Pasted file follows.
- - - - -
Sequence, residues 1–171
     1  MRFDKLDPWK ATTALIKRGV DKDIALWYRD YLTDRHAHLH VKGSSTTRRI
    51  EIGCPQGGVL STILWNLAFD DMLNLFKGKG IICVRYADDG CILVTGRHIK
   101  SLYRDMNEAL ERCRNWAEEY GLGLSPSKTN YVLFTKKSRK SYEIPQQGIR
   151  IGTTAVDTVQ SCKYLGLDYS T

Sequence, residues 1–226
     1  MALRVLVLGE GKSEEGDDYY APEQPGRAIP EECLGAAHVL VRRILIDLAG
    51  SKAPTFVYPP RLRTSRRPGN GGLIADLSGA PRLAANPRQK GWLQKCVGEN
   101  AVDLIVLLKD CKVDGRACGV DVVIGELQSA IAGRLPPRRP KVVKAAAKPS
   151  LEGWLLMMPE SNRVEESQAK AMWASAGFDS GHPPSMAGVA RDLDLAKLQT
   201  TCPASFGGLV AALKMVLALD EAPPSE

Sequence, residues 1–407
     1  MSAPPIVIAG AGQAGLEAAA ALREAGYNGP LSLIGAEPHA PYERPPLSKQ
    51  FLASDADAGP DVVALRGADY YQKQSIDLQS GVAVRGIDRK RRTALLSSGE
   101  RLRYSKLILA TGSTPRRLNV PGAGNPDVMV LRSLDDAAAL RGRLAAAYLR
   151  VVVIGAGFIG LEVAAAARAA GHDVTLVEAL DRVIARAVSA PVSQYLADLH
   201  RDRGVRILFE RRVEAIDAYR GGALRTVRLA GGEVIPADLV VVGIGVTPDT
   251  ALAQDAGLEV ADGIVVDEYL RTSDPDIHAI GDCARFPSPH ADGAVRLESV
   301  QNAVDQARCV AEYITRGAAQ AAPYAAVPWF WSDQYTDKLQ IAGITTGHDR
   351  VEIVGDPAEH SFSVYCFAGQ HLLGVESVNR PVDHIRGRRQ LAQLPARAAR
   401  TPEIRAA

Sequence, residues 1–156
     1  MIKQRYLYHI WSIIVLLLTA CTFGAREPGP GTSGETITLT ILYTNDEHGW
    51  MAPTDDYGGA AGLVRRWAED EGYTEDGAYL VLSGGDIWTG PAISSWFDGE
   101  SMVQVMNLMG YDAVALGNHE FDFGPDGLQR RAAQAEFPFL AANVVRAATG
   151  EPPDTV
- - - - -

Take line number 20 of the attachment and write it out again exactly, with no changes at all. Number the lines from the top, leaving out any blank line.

   351  VEIVGDPAEH SFSVYCFAGQ HLLGVESVNR PVDHIRGRRQ LAQLPARAAR